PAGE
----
Almost a third of the scenic valley south of Selkirk is already covered with commercial forestry.
And a further two bids to plant extensive hill farms have already been submitted with scoping for a third in the pipeline.
Planting protection was brought in as an emergency measure last year after concerns were raised by locals.
But fresh proposals for a new five-year Scottish Borders Woodland Strategy will stump any safeguards.
Last week the local authority's Infrastructure Committee narrowly voted through officer recommendations to lift Ettrick's 'sensitive status'.
Selkirkshire Councillor Vicky Davidson, who lives in the Ettrick Valley, attacked the move.
She told the Border Telegraph: "Nobody anticipated the explosion of commercial on the back of Government grants when the first Woodland Strategy was put together - rightly, sensitive status was added for the Ettrick Valley when we realised what was going on.
"There are companies who are going door to door in the Ettrick Valley offering inflated prices for the farms to allow investors to come in and plant commercial forests. The only protection the Ettrick Valley has is the 'sensitive status' - and now they want to lift it.
"We have rich businessmen and investors complaining because they have bought farms to plant."
Scottish Borders Council began its review of the Woodland Strategy in 2011 following concerns over its effectiveness in relation to new planting applications.
Fears for the Ettrick Valley from commercial forestry were first raised back in the late 1960s when the Scottish Office had to step in and prevent further planting.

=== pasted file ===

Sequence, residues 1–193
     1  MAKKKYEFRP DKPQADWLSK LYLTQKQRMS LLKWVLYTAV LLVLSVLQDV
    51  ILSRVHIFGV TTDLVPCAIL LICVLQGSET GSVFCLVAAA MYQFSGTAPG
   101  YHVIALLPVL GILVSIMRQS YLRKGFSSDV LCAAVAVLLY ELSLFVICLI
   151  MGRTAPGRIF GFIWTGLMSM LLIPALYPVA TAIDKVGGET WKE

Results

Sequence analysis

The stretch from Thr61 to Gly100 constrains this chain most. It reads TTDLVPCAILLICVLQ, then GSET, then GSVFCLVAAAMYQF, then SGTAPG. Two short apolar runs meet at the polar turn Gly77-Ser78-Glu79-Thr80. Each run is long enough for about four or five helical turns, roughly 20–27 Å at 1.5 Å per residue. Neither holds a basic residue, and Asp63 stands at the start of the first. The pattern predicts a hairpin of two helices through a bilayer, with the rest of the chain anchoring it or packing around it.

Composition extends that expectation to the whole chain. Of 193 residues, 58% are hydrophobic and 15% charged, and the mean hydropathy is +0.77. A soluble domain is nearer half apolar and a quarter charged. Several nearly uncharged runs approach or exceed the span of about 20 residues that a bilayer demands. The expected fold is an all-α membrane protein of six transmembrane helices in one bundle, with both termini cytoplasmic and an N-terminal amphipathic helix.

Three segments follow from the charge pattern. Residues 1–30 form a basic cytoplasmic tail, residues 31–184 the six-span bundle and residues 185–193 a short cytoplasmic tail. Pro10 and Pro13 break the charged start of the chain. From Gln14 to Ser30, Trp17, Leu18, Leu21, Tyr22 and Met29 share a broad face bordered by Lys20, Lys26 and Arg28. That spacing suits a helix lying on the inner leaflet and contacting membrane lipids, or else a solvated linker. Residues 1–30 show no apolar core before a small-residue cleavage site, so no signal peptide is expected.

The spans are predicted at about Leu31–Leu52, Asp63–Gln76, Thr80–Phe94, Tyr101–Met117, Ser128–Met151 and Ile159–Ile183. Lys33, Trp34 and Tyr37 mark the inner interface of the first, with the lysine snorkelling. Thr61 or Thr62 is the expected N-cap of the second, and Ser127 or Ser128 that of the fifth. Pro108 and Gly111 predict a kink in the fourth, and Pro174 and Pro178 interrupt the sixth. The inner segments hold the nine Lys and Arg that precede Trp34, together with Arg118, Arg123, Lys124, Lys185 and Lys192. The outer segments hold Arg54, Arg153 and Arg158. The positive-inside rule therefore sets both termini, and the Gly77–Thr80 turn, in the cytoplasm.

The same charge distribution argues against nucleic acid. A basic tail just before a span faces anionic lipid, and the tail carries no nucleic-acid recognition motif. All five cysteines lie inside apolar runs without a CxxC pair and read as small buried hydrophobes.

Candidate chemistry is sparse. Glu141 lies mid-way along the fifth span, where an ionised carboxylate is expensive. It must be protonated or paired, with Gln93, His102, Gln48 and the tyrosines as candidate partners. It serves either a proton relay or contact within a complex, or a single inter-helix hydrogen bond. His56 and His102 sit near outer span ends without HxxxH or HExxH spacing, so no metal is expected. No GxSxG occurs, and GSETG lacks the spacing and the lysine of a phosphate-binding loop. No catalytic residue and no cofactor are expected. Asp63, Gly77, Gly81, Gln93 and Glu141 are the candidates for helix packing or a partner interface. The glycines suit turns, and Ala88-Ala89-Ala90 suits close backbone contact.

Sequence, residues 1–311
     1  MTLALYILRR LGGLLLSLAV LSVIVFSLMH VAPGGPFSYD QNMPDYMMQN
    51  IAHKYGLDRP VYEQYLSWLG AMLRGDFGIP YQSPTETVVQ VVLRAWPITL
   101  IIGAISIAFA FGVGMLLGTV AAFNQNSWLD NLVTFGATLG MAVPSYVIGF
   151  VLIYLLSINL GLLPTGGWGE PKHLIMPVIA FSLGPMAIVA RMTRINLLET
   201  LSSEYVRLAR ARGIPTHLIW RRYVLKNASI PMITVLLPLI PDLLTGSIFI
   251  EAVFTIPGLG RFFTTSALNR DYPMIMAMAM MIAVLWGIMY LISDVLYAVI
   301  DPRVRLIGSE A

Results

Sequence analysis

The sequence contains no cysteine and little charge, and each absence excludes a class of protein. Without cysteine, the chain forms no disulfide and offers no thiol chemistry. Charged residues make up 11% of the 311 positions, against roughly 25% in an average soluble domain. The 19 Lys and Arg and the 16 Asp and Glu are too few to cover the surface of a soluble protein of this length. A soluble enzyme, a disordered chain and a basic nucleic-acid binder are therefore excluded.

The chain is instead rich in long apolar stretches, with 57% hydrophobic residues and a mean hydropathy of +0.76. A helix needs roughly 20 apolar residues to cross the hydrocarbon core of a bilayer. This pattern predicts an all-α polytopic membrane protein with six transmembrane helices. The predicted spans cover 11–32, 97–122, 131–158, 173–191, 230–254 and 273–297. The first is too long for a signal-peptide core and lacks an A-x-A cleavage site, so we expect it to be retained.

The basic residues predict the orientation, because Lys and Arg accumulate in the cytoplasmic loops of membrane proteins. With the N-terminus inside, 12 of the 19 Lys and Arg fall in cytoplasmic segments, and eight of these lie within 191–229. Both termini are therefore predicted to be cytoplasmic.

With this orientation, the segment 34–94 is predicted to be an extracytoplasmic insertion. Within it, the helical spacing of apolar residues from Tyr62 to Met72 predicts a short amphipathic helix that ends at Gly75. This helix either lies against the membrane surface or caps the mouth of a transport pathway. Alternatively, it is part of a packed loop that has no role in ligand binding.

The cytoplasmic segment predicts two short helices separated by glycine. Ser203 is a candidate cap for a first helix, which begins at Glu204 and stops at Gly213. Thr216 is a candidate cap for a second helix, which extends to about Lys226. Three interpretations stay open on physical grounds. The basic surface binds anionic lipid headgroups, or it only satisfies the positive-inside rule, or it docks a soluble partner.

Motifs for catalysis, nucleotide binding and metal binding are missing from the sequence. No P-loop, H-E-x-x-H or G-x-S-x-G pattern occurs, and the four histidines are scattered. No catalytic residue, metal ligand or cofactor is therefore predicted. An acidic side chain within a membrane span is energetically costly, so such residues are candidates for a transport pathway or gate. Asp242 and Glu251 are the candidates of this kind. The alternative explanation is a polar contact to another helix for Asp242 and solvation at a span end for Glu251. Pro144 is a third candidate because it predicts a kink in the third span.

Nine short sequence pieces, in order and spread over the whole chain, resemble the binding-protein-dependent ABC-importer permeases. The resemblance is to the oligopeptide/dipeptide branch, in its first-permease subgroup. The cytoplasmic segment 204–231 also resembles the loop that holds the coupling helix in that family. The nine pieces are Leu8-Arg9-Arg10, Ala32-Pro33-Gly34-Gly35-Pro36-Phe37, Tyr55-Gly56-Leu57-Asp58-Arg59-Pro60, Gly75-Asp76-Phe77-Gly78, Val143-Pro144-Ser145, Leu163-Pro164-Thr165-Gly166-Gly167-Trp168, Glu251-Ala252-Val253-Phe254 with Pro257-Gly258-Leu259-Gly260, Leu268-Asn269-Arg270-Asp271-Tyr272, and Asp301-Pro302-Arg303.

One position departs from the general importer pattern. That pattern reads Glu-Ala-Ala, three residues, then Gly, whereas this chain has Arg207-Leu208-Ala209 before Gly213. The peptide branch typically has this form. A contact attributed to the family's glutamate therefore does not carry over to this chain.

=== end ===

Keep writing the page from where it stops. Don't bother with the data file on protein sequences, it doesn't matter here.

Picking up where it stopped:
The BBC made a documentary, When the Trees Grow Tall, about the plight of the traditional hill farmers.
But the introduction of forestry grants from Holyrood has seen fresh demand for the remote fields and hillsides.
Councillor Davidson added: "It is ironic that the Ettrick Valley is being targeted again.
"Four farms have already gone to forestry and another two are ready to be planted if the sensitive status is lifted - how many others will follow?"
The Scottish Government have set a woodland creation target of 100,000 hectares over the next 10 years - with lucrative grants to encourage planting.
Both Drycleuchlea and Nether Phawhope in the upper Ettrick Valley have live applications submitted for large scale commercial forestry.
And once the 'sensitive status' is lifted for the area they will be allowed to progress.
Principal landscape officer Jim Knight said: "It seems reasonable to remove the sensitive status as it was just a temporary measure. If it was continued, the likely response from applicants would be, why?"
The new Woodland Strategy map, as proposed by the local authority, will see the 'sensitive status' for the Ettrick Valley replaced by partly 'preferred' and 'potential' status.
Department director Rob Dickson told Thursday's meeting: "If members of the committee wanted to continue the temporary sensitive status, we'd have to go back to the consultees. We have to provide a policy which we can sustain arguments against applicants."
Infrastructure Committee chairman Gordon Edgar led the vote, which was narrowly successful, in favour of the Woodland Strategy proposals.
But the Border Telegraph understands the debate will be heard at a full meeting of Scottish Borders Council, following support from senior councillors for a call in, with a further vote possibly being taken.